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Meet the Curators

Rob DeSalle, Co-Director of the Molecular Systematics Laboratories; and Curator, Division of Invertebrate Zoology
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Rob DeSalle's fields of specialization include molecular evolution, genomics, systematics and bioinformatics. His current work centers on gene family evolution, tree of life studies, and comparative genomics in a wide variety of organisms including animals, plants, and bacteria. Dr. DeSalle, who is a curator in the Division of Invertebrate Zoology, also conducts research in the Sackler Institute for Comparative Genomics, which applies studies at the molecular level to the understanding of the history of life on this planet. His recent scientific publications address the use of the tree of life to understand evolutionary innovations such as the evolution of the nervous system. He is an adjunct professor at Columbia University, New York University, and the City University of New York. In addition to his research and teaching, Dr. DeSalle is author or co-author of several popular books including Brain (Bunker Hill Press, 2010), Your 21st Century Brain; Amazing Games to Play With Your Mind (Sterling Publishers, 2010), Bones, Brains and DNA: The Human Genome and Human Evolution (Bunker Hill Press, 2009), Human Origins: What Bones and Genomes Tell Us about Ourselves (Texas A&M University Press, 2008), Welcome to the Genome (Wiley, 2005), The Science of Jurassic Park and the Lost World (Basic Books, 1997), and Epidemic! (New Press, 2000). He co-curated the Museum's Anne and Bernard Spitzer Hall of Human Origins (opened 2007) and curated the museum's landmark exhibitions Epidemic! The World of Infectious Disease (1999), The Genomic Revolution (2001), and Brain: The Inside Story (2010). Dr. DeSalle received his B.A. in biological sciences from the University of Chicago in 1976 and his Ph.D. in 1984 from Washington University. He joined the Museum in 1991.

Joy Hirsch, Director of the Program for Imaging & Cognitive Sciences and Professor, Columbia University
Joy Hirsch

In 2000 Dr. Joy Hirsch joined Columbia University as professor of functional neuroradiology, neuroscience, and psychology to direct a new multi-disciplinary brain imaging center for research, education, and translational benefits for patient care that was funded by a grant from Johnson & Johnson. Together with her students and collaborators, she is currently investigating how neural systems for cognition, emotion, perception, and executive decision-making are regulated in the brain. Ground-breaking findings from these studies serve as the basis for multiple National Institutes of Health grants to investigate a variety of clinical applications to understand autism, anxiety disorders, chronic pain, disorders of consciousness, eating disorders, obesity, alcohol addiction and behavior change, and executive decision-making. Dr. Hirsch received her Ph.D. from Columbia University in 1978 and then joined the faculty at Yale University, where she received the Leah Lowenstein Teaching Award. In 1991 she joined Memorial Sloan-Kettering Cancer Center and Weil Cornell Medical College to head one of the first functional MRI (fMRI) laboratories in the country. Her pioneering work advanced understanding of brain neurocircuitry underlying language, visual perception, and cognition. Dr. Hirsch has published more than 100 peer-reviewed journal articles and is a popular lecturer and public speaker on topics of brain and mind. She delivered the prestigious George Gamow Memorial Lecture in 2009.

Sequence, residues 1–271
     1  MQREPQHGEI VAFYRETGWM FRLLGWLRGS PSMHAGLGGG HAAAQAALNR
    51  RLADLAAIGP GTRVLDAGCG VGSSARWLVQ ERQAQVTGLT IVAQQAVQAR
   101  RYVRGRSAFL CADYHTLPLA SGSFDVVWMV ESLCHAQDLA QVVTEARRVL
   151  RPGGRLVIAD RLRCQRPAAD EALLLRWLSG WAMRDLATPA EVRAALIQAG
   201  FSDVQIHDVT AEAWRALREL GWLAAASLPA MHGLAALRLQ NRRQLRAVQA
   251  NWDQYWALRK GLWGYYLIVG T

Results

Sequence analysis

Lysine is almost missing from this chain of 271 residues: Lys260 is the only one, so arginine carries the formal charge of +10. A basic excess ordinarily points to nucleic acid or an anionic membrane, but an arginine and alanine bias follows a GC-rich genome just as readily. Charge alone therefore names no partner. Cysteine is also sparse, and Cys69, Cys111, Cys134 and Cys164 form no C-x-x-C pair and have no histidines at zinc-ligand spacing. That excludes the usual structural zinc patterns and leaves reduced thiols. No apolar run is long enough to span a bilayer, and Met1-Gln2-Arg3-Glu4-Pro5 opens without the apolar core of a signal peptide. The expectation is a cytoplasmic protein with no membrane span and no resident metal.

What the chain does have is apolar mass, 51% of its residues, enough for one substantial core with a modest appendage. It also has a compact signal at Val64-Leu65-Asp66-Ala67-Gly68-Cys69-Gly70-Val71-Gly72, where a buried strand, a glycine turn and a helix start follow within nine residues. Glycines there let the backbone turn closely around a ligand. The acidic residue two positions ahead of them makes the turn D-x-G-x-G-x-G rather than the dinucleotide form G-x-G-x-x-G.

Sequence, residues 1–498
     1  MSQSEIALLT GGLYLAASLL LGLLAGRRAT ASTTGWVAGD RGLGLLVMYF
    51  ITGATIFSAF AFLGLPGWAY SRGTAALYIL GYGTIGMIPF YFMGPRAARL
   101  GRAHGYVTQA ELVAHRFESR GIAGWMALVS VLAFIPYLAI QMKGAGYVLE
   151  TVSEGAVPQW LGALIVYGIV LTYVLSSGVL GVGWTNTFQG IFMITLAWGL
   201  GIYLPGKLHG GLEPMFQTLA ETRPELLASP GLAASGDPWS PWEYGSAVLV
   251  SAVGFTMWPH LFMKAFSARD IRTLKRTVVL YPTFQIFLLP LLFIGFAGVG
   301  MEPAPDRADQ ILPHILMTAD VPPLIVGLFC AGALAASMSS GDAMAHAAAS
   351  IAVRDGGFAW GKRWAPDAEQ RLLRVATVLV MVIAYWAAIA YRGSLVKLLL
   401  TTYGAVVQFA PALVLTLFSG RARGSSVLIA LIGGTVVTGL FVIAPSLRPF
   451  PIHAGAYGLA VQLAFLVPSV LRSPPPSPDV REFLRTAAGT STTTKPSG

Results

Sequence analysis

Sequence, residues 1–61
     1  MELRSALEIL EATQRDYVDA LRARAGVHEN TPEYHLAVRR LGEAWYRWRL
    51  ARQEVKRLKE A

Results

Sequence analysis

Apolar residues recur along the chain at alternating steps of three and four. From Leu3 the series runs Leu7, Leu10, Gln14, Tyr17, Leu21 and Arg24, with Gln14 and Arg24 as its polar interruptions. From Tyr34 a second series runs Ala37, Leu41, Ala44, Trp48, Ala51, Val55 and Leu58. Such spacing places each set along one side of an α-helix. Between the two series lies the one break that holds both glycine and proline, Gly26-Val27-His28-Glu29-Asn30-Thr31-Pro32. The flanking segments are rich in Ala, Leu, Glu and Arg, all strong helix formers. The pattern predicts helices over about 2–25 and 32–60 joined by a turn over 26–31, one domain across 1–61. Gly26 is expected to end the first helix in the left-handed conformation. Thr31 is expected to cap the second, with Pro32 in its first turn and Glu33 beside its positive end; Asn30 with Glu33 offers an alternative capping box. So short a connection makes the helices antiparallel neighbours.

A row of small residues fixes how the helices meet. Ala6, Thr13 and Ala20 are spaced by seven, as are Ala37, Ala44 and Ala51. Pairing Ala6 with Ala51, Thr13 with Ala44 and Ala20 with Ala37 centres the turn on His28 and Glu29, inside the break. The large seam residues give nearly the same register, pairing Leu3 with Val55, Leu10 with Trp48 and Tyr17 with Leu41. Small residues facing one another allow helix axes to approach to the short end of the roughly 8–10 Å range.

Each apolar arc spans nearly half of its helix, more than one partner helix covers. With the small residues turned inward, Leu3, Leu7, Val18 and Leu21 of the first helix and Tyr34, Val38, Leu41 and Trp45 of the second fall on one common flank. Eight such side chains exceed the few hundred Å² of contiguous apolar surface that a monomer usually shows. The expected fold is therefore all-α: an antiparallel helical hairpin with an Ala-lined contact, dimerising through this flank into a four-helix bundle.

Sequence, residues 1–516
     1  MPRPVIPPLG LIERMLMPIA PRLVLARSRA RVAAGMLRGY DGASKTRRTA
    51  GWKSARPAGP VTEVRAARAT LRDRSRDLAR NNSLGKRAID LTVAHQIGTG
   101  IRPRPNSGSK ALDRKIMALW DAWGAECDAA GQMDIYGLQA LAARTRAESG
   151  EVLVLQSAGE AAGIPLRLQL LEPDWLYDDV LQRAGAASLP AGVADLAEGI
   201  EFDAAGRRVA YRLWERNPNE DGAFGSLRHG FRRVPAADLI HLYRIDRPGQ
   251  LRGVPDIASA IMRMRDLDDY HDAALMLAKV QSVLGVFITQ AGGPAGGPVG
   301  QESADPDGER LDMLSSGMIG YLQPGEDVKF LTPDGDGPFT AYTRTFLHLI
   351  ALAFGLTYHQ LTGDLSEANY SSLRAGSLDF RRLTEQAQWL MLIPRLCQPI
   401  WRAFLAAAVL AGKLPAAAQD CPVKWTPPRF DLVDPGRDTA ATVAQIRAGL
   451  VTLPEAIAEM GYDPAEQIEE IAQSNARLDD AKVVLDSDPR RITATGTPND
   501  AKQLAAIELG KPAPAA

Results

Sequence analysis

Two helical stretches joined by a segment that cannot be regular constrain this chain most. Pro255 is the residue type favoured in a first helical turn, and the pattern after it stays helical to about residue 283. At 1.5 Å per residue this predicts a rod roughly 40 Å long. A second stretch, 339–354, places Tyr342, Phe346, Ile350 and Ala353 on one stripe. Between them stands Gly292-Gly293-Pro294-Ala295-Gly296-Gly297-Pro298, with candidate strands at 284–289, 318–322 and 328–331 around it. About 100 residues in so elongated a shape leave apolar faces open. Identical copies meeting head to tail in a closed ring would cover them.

Margaret Zellner, behavioral neuroscientist and psychoanalyst; Adjunct Faculty at The Rockefeller University
Magaret Zellner

Margaret Zellner, Ph.D., L.P., is a psychoanalyst, behavioral neuroscientist, and neuropsychoanalytic educator. She is a member of the adjunct faculty of The Rockefeller University, is affiliated with the National Psychological Association for Psychoanalysis (NPAP), and has taught neuroscience since 2003 at the yearly congresses of the International Neuropsychoanalysis Society, the Psychoanalytic Institute of Northern California, and the National Institute for the Psychotherapies. She received her Ph.D. in Neuropsychology in 2008 from the Graduate Center of the City University of New York. Dr. Zellner is the Executive Director of the Neuropsychoanalysis Foundation, and has a private practice in psychoanalytic psychotherapy in New York City.

Margaret Zellner, Ph.D., L.P., is a psychoanalyst, behavioral neuroscientist, and neuropsychoanalytic educator. She is a member of the adjunct faculty of The Rockefeller University, is affiliated with the National Psychological Association for Psychoanalysis (NPAP), and has taught neuroscience since 2003 at the yearly congresses of the International Neuropsychoanalysis Society, the Psychoanalytic Institute of Northern California, and the National Institute for the Psychotherapies. Dr. Zellner has a private practice in psychoanalytic psychotherapy in New York City and serves as the President and Chair of the Neuropsychoanalysis Foundation in New York.

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